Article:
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parliament election in Zimbabwe, mdc wins key parliament vote
Tsvangirayi Mukwazhi/AP
President of Zimbabwe, Robert Mugabe, right, with new Prime Minster, Morgan Tsvangirai.

As Tsvangirai Takes Zimbabwe PM Post, Conflict With Mugabe Persists

February 10, 2009 04:13 PM
by findingDulcinea Staff
Following months of strife with Robert Mugabe, opposition leader Morgan Tsvangirai will be sworn in as prime minister Wednesday as part of a power-sharing agreement.

Transition Could Be Rough

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The power-sharing agreement between Zimbabwean President Robert Mugabe and opposition leader Morgan Tsvangirai has been a long time coming, and Tsvangirai’s swearing-in as Prime Minister Wednesday is bound to be met with celebration from his supporters.

Smooth sailing in the new government, however, is unlikely, reports the Associated Press.

Mugabe will remain president under the new agreement and the two men must overcome their differences to govern a country that is in the midst of an economic meltdown as well as a cholera epidemic that has killed over 3,000 people. 

Besides the obvious challenges, Tsvangira and Mugabe have admitted their resistance to working together. “This is part of a transition arrangement that has been negotiated,” Tsvangirai said this week, regarding the new arrangement. “No one is joining anyone.”

It has been five months since Mugabe signed a power-sharing agreement with Tsvangirai’s Movement for Democratic Change (MDC) party for control of the country’s government. But agreeing on how to unify the government has not come easily.

As recently as Jan. 19, SW Radio Africa reported that a senior party official said that discussions had “completely broken down and suggested the power sharing talks were doomed to fail.”

There was bickering as Tsvangirai accused Mugabe of “grabbing all key ministries such as defense, information, foreign affairs, finance and home affairs,” CNN explained in January. MDC chairman Nelson Chamisa was quoted as saying that the group would not “commit political suicide” by entering “positions of authority without the attendant and consequent power to enable us to deliver on change, food and jobs.”

Background: The tentative agreement and power-sharing talks

The BBC reported that the initial terms of the agreement were that Tsvangirai would become prime minister and chair a council of ministers, and Mugabe, who has led the country for 28 years, would remain president and head the cabinet.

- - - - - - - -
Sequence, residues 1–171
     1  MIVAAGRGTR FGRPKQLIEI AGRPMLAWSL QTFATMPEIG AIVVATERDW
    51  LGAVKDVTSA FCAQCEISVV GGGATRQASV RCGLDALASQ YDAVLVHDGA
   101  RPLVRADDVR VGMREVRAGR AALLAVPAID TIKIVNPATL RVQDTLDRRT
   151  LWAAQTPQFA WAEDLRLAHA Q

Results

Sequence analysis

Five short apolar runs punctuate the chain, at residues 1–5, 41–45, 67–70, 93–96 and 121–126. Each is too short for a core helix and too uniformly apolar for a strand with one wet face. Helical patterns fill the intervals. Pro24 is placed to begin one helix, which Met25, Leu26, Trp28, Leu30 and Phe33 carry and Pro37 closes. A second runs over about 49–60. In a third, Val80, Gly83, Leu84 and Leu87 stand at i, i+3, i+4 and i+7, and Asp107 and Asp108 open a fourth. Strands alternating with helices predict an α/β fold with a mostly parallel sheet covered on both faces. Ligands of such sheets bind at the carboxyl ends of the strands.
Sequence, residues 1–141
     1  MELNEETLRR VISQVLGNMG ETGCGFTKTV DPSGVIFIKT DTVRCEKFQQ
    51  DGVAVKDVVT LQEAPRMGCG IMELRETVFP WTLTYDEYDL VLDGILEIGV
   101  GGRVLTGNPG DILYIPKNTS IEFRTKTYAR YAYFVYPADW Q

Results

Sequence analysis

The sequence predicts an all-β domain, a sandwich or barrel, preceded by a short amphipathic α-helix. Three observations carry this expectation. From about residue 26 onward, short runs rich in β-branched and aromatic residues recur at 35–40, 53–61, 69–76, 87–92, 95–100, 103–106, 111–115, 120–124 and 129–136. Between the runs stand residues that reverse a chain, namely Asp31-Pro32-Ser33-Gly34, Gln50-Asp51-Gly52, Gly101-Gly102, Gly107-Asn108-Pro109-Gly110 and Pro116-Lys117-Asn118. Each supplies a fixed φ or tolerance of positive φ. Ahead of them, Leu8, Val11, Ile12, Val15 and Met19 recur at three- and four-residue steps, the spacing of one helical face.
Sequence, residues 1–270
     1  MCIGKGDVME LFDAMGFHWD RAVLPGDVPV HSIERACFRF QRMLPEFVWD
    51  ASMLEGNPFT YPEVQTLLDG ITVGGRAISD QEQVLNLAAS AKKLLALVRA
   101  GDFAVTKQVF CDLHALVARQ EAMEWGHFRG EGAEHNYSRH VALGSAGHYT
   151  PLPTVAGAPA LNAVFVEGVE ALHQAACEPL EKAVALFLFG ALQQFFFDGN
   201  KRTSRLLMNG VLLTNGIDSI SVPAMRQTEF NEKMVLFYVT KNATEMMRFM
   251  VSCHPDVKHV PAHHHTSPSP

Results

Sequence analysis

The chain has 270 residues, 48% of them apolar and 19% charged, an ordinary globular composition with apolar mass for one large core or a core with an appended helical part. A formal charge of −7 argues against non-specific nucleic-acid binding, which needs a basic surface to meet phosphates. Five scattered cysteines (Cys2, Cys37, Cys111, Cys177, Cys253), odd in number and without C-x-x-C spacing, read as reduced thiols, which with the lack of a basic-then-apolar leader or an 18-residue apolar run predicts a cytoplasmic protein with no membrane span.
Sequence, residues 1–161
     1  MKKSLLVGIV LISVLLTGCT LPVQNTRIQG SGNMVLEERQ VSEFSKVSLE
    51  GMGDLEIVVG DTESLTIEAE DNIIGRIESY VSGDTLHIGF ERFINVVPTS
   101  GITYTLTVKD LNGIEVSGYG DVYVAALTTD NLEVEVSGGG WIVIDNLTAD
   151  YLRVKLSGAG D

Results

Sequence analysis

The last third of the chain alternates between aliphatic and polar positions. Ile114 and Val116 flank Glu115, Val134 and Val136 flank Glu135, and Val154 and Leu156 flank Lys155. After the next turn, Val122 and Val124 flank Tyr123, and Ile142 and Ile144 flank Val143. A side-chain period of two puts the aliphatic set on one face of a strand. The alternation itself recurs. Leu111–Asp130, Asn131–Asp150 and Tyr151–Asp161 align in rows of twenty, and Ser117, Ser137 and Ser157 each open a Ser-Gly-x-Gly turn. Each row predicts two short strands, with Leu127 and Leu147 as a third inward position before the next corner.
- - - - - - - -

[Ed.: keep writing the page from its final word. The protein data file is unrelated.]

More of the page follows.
But some of the plan was still vague. When Nelson Chamisa, a spokesman for the MDC, was asked who would head the government, he did not name either man but replied, “This is an inclusive government,” the International Herald Tribune reports.

Some specifics were leaked, however. Mugabe was named to control the armed forces, while Tsvangirai would be in charge of the police, according to BBC correspondent Adam Mynott.

Peace talks originally began in July, following
months of political violence that stemmed from the country’s disputed presidential elections in March. Many wondered if the talks would ever result in a deal, as the two rival factions continued to feud.

When MDC chairman Lovemore Moyo was voted speaker of parliament in August, winning with 110 votes over Paul Themba Nyathi, a candidate from a smaller faction of the MDC, reports stated that Mugabe, whose ZANU-PF party did not put forward a candidate, had backed the rival MDC faction. The BBC reported that Mugabe’s move “was a tactic to try and engineer control of parliament, which has backfired.”
In September, Mugabe agreed to share rule of the country with Tsvangirai, but in early October suggested that Tsvangirai and his MDC play only a junior role in the government. Reuters reported at the time that the agreement was stuck in a stalemate, with the two leaders unable to agree.

At a meeting in late October, Zimbabwe’s neighboring countries attempted to “resolve the … power-sharing impasse.” The summit was attended by Mugabe, Tsvangirai and leaders of the SADC, and mediated by former president of South Africa, Thabo Mbeki, reported The Washington Post.

But just a few weeks later the MDC accused the nation’s ruling party ZANU-PF of initiating “a new wave of violence” that halted power-sharing talks, including carrying out violent attacks against opposition supporters and “setting up … torture bases” in Harare, according to Voice of America.

In response, leaders of southern African nations called for another summit to be held, at which they would pressure Mugabe and Tsvangirai “to end their feud on forming a unity government,” reported Agence France-Presse.
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